The development of lifelong learning has been phenomenal in Asian countries over the last decade. This paper aims to investigate the ideological and value implications of lifelong learning policies in Asia, by reviewing how governments argue for the need to promote lifelong learning, how it is packaged in educational reform, and how it is implemented. Several features of lifelong learning in Asia are identified. In administrative terms, lifelong learning in many Asian countries is promoted by centralised means and mainly through legislation vis-à-vis increased decentralisation in educational administration. In conceptual terms, lifelong learning is a rather eclectic concept in Asia, intertwined with such other concepts as lifelong education, continuing education and adult education. The eclectic approach can be deliberate, obviously for convenience, but more importantly for bringing about the knowledge economy in individual countries, in order to enhance competitiveness in the global economy. The eclecticism of lifelong learning in Asian countries has several ideological and values implications. It apparently combines competing values, such as humanitarian values for enhancing personal development and pragmatic values that are focused on economic development. However, a deeper look at the emphasis of lifelong learning in Asia shows that economic values tend to override humanitarian values, and such other values as democracy and participant citizenship are largely ignored in its implementation, which is often focused on specific programmes. This will have substantial implications for values education, as lifelong learning becomes a means of achieving instrumental (economic) values, rather than becoming an end in itself that would enhance personal development and empower citizens to pursue a better society in a democratic environment.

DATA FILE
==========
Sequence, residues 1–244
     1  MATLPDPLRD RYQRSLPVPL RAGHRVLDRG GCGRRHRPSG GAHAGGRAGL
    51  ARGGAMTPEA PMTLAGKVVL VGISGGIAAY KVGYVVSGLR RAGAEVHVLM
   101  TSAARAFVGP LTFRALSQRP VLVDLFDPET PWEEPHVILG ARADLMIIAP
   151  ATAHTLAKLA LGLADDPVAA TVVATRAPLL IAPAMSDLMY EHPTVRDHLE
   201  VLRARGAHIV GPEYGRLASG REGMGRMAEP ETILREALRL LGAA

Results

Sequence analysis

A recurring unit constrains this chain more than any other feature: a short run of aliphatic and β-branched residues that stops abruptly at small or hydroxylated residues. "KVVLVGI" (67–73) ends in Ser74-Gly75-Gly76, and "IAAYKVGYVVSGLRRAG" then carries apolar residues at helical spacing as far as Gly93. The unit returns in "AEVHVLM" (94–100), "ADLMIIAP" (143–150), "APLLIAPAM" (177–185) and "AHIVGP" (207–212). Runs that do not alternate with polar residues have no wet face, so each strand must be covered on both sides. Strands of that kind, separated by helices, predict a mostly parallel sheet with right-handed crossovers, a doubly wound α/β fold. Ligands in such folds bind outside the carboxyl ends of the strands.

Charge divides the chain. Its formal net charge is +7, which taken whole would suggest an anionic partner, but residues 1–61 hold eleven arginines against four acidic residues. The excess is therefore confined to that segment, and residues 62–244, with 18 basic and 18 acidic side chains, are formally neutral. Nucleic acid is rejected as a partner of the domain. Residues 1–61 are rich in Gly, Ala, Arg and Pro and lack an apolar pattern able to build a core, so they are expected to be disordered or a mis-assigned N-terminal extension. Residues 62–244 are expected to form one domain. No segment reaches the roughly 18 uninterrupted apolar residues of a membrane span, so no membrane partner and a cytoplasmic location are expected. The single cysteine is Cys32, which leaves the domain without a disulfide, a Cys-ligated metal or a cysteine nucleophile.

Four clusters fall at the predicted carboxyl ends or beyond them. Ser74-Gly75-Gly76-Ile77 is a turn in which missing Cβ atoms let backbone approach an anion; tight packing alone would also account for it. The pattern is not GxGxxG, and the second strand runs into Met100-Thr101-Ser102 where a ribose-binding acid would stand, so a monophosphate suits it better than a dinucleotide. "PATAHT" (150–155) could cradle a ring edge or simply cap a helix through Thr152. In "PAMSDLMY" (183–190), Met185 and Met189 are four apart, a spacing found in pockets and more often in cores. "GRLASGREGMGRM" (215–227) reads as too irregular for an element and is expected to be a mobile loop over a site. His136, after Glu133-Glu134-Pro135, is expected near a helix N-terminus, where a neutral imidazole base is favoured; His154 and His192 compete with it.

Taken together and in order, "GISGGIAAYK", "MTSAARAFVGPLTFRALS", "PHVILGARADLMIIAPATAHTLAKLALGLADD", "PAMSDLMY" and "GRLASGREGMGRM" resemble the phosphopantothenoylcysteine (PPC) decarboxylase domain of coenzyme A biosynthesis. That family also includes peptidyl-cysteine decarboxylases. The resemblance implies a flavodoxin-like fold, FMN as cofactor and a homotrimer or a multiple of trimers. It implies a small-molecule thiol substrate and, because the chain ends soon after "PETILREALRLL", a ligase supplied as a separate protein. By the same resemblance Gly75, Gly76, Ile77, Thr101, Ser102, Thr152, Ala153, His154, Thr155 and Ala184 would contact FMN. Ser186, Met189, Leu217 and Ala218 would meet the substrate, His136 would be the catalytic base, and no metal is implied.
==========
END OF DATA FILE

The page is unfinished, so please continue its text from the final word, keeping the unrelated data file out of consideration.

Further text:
|Publication status||Published - May 2007|
CitationLee, W. O. (2007, May). Lifelong learning in Asia: Eclectic concepts, rhetorical ideals and missing values: Implications for values education. Paper presented at the Asian Pacific Network for Moral Education Second Regional Meeting, Sun Yat-sen University, Guangzhou, China.
- Development of Disciplinary Knowledge (e.g. Sociology, Psychology)